News
Wayne’s estate faces a claim for alleged copyright breaches
peopleJohn Wayne's heirs duke it out with university over use of the late film star's nickname
Independent
Travel Shop
the manor
Up to 70% off luxury travel
on city breaks Find out more
santorini
Up to 70% off luxury travel
on chic beach resorts Find out more
sardina foodie
Up to 70% off luxury travel
on country retreats Find out more
Have you tried new the Independent Digital Edition apps?
Independent Dating
and  

By clicking 'Search' you
are agreeing to our
Terms of Use.

iJobs Job Widget
iJobs General

Business Systems Analyst (Retail)

£30000 - £35000 Per Annum Up to 20% bonus: Clearwater People Solutions Ltd: An...

Maths Teacher

£21804 - £31868 per annum: Randstad Education Chelmsford: We are urgently look...

Science Teacher

£21804 - £31868 per annum: Randstad Education Chelmsford: We are urgently look...

Psychology Teacher

£21804 - £31868 per annum: Randstad Education Chelmsford: We are urgently look...

Day In a Page

A History of the First World War in 100 Moments: Peace without magnanimity - the summit in a railway siding that ended the fighting

A History of the First World War in 100 Moments

Peace without magnanimity - the summit in a railway siding that ended the fighting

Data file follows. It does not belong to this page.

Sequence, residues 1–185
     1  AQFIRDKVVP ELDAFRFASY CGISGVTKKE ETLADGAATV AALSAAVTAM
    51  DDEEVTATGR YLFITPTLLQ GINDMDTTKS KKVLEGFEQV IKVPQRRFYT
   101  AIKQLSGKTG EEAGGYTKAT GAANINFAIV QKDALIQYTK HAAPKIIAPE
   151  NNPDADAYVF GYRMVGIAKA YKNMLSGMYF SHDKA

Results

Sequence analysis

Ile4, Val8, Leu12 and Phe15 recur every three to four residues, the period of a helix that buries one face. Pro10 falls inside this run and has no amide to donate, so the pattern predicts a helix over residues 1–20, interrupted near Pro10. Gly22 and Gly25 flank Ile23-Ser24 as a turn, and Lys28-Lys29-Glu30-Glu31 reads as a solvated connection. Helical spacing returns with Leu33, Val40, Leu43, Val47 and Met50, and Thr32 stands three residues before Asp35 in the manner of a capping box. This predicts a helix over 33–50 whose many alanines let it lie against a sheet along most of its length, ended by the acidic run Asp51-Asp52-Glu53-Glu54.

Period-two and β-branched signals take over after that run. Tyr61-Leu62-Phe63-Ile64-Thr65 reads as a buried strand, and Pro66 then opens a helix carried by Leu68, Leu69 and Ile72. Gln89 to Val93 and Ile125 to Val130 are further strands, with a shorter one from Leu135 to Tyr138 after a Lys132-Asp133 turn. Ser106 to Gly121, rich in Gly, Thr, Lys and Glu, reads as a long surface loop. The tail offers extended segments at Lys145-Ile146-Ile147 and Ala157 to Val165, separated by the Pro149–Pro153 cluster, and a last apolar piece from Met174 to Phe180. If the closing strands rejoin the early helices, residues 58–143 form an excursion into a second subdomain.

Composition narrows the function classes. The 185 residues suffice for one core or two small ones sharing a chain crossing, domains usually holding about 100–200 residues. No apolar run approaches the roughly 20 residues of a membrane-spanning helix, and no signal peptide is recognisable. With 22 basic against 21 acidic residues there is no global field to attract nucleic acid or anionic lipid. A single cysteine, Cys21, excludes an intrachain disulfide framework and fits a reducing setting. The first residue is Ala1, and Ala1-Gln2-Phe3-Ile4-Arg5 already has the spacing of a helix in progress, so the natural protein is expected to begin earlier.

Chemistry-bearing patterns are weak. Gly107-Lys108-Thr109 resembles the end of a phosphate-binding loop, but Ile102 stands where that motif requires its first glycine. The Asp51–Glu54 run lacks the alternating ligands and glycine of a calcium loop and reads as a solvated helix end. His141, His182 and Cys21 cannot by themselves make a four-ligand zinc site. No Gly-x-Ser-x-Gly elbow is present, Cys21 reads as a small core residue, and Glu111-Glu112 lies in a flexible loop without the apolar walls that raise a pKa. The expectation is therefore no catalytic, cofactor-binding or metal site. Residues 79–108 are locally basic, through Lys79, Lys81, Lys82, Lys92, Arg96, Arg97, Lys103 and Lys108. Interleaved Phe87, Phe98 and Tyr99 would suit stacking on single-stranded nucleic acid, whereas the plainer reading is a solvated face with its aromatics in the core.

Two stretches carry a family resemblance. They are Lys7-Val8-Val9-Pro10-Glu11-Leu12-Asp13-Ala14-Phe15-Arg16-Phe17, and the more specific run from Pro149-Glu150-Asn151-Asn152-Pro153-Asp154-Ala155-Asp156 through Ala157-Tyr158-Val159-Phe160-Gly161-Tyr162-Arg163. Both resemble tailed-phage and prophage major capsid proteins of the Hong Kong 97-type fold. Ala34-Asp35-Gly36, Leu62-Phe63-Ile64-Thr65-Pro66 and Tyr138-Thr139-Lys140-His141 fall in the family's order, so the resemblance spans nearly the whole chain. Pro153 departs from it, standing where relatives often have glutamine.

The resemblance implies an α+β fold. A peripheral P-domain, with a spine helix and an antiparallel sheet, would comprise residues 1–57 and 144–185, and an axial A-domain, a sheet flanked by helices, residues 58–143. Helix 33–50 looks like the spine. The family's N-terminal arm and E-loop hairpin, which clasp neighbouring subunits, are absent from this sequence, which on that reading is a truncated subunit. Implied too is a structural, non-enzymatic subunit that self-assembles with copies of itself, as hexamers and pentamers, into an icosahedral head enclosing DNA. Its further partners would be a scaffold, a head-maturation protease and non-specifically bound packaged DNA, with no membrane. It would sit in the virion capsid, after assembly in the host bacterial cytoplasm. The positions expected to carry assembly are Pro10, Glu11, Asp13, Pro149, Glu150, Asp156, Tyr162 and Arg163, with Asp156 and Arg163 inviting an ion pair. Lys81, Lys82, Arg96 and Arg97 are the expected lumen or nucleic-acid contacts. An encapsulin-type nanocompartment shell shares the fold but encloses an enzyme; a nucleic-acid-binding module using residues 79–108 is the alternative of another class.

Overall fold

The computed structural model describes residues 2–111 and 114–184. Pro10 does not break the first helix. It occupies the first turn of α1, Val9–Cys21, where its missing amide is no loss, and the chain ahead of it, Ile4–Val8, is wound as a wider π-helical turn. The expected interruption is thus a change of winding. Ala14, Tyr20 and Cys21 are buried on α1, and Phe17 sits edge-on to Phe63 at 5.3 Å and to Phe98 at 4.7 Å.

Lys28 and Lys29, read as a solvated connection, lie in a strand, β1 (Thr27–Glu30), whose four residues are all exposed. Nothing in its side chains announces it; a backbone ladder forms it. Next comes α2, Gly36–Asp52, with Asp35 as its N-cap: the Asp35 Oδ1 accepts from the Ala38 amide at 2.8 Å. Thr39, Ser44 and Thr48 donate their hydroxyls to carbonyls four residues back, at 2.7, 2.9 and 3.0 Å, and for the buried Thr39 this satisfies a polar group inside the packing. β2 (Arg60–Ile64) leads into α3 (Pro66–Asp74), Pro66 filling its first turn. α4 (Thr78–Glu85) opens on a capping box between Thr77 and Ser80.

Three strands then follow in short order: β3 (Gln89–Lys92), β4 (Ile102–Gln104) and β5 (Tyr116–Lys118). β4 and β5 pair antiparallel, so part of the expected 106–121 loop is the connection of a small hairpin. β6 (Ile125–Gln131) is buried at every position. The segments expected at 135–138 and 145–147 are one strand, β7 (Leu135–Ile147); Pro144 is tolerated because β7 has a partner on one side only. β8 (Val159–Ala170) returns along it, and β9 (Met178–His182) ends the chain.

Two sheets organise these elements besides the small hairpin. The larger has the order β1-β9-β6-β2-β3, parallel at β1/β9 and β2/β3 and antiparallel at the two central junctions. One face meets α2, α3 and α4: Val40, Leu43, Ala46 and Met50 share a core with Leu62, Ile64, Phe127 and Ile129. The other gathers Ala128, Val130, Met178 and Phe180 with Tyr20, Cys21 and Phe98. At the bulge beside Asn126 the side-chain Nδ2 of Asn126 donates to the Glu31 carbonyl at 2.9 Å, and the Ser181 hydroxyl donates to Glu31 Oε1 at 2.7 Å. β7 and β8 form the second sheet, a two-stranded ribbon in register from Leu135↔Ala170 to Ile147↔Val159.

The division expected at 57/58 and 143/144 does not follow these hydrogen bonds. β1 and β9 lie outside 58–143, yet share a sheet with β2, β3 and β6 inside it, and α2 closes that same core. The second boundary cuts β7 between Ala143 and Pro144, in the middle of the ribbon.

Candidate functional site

Scottish independence: How the Commonwealth Games could swing the vote

Scottish independence: How the Commonwealth Games could swing the vote

In the final part of our series, Chris Green arrives in Glasgow - a host city struggling to keep the politics out of its celebration of sport
Out in the cold: A writer spends a night on the streets and hears the stories of the homeless

A writer spends a night on the streets

Rough sleepers - the homeless, the destitute and the drunk - exist in every city. Will Nicoll meets those whose luck has run out
Striking new stations, high-speed links and (whisper it) better services - the UK's railways are entering a new golden age

UK's railways are entering a new golden age

New stations are opening across the country and our railways appear to be entering an era not seen in Britain since the early 1950s
Conchita Wurst becomes a 'bride' on the Paris catwalk - and proves there is life after Eurovision

Conchita becomes a 'bride' on Paris catwalk